When the initial enthusiasm of marketing fades, there are three marketing elements which will help see you through the dark days, bringing you through to the place where leads trickle in almost like magic.
These three are email, follow up, and blogging.
Despite all the enthusiasm of social media and live videos and everything flashing past in an instant, email is still one of the most solid ways to stay connected with people.
Access to people’s inboxes is a serious thing, and is to be treated with great respect. You want to:
- Keep it real, and human. The more interesting and easy to read it is, the better. Salesy promotional emails don’t do much: ones written as if to one single person do a lot.
- Send what you promise (and not more). If they sign up for a newsletter, don’t send sixteen sales emails in the following few weeks.
- Don’t over-email. It’s okay to email every day, if that’s what they’re expecting and what they want. But it’s not okay to do do that if they’re thinking it’s once a month.
- Don’t under-email, either. If you only send an email every few months, they might forget who you are or why they signed up, and unsubscribe.
- Stay on brand. Anything that doesn’t match will look like spam and you can get people unsubscribing who really don’t want to unsubscribe.
One of the biggest areas of opportunity for your accounting firm is the list of people who enquired with you months or years ago, but they never got back to you.
This can include:
- Emails asking for a call (but then they never replied to anything further)
- Enquiries about services that went back and forth and then slowed to nothing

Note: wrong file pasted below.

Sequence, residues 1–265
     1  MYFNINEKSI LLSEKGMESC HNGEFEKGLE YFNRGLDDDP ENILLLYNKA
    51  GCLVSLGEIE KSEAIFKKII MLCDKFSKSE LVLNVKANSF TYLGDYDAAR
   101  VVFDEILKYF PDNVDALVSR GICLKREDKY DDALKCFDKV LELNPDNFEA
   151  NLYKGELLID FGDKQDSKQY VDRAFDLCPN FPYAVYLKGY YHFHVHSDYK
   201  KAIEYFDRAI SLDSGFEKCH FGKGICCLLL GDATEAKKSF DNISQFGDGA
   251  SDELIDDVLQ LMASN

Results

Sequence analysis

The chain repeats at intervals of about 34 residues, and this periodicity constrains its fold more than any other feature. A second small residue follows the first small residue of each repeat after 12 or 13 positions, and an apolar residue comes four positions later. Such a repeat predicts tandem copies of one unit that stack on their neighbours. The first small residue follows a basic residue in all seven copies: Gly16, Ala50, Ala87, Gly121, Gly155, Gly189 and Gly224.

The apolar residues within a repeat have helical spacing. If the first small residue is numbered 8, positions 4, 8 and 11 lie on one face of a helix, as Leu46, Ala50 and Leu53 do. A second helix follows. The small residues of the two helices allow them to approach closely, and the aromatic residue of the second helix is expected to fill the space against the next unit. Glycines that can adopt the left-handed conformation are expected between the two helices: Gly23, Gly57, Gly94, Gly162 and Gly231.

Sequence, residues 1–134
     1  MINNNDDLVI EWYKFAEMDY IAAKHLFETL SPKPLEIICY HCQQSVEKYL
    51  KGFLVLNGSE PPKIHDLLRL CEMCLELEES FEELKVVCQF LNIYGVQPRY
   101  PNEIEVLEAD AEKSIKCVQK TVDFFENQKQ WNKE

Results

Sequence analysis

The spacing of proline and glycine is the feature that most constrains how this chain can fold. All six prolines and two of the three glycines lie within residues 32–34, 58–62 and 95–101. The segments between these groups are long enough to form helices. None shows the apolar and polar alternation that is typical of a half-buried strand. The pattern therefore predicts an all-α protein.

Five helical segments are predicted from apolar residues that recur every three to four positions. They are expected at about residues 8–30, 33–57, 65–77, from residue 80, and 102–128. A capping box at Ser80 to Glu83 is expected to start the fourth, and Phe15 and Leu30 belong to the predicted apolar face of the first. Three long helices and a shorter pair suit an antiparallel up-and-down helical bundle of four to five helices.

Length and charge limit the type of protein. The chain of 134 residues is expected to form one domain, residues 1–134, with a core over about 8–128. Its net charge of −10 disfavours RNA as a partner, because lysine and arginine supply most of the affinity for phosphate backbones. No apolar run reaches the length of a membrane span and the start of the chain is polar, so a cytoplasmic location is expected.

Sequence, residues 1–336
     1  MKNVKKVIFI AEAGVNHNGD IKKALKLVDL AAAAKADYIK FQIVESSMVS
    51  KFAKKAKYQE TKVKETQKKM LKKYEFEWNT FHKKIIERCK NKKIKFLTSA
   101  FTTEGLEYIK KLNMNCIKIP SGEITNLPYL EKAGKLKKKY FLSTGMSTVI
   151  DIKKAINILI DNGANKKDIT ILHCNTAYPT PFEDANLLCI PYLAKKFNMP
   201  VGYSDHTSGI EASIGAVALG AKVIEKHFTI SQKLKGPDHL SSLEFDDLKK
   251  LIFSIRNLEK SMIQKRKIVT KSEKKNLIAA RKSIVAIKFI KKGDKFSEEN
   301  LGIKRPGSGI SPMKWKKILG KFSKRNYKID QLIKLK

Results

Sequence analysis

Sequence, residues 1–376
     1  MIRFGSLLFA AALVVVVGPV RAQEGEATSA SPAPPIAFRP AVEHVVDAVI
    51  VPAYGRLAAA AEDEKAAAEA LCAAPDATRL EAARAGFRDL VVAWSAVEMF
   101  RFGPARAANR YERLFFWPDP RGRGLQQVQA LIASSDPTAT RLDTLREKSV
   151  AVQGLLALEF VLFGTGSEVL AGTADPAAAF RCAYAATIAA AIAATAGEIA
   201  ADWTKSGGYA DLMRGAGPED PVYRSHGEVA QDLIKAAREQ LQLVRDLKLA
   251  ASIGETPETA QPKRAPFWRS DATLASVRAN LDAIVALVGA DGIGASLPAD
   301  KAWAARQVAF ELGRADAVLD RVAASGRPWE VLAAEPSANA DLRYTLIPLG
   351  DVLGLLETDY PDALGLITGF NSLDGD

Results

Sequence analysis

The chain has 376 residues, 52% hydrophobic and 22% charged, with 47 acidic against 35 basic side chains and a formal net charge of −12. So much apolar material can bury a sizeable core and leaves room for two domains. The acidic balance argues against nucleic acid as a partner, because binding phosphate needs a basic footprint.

- Proposals sent (with no response, either yes or no or maybe)
- Clients who signed up, but never completed onboarding
It’s tempting to presume that because you didn’t hear back, they’re not interested.
But you don’t know that for sure until they say they’re not interested. There could be business issues or family issues or health issues or any kinds of reasons they let it slide.
You’ll get a lot more business when you prepare a system for follow up with a long term timeline (one week, two weeks, one month, three months, six months, twelve months).
It doesn’t have to be complicated: a quick one liner to check in is enough. And you don’t even have to mention the proposal (otherwise it could feel salesy and annoying). Send a new article, share a video, ask a question. Stay in touch!
This is where your long content goes. Your blog keeps your website content fresh, and helps Google to send buyers to your site when they are looking for your services (or looking for answers to the problems which will be solved by your services).
Things you can include in blog content are:
- “They ask you answer” content: Questions your clients ask which you keep answering over and over. Turn it into a blog post and help them see your authority and get their question answered at the same time. (Plus, it saves you time because you only have to send a link to a blog the next time you get that question!)
- Pricing content: How much does this service cost? Why? How is it different from that service? What are management accounts? Do I need bookkeeping as well? How much does that cost? You don’t have to give specific quotes on a blog post: this is your opportunity to explain your pricing methodology. The principles by which you prepare a proposal, so they don’t feel confused or lost.
- Comparisons, best of, reviews: This compared to that. Which is the best accounting software? Your review of the new app for their industry. You’ll need to share an opinion, which shows your authority and helps prospects get a sense of what it’s like to work with you.
Combine these three, and over time you’ll bring in the clients who would have otherwise drifted away.
Join us next issue for the final three: Events, Campaigns, and Social Media!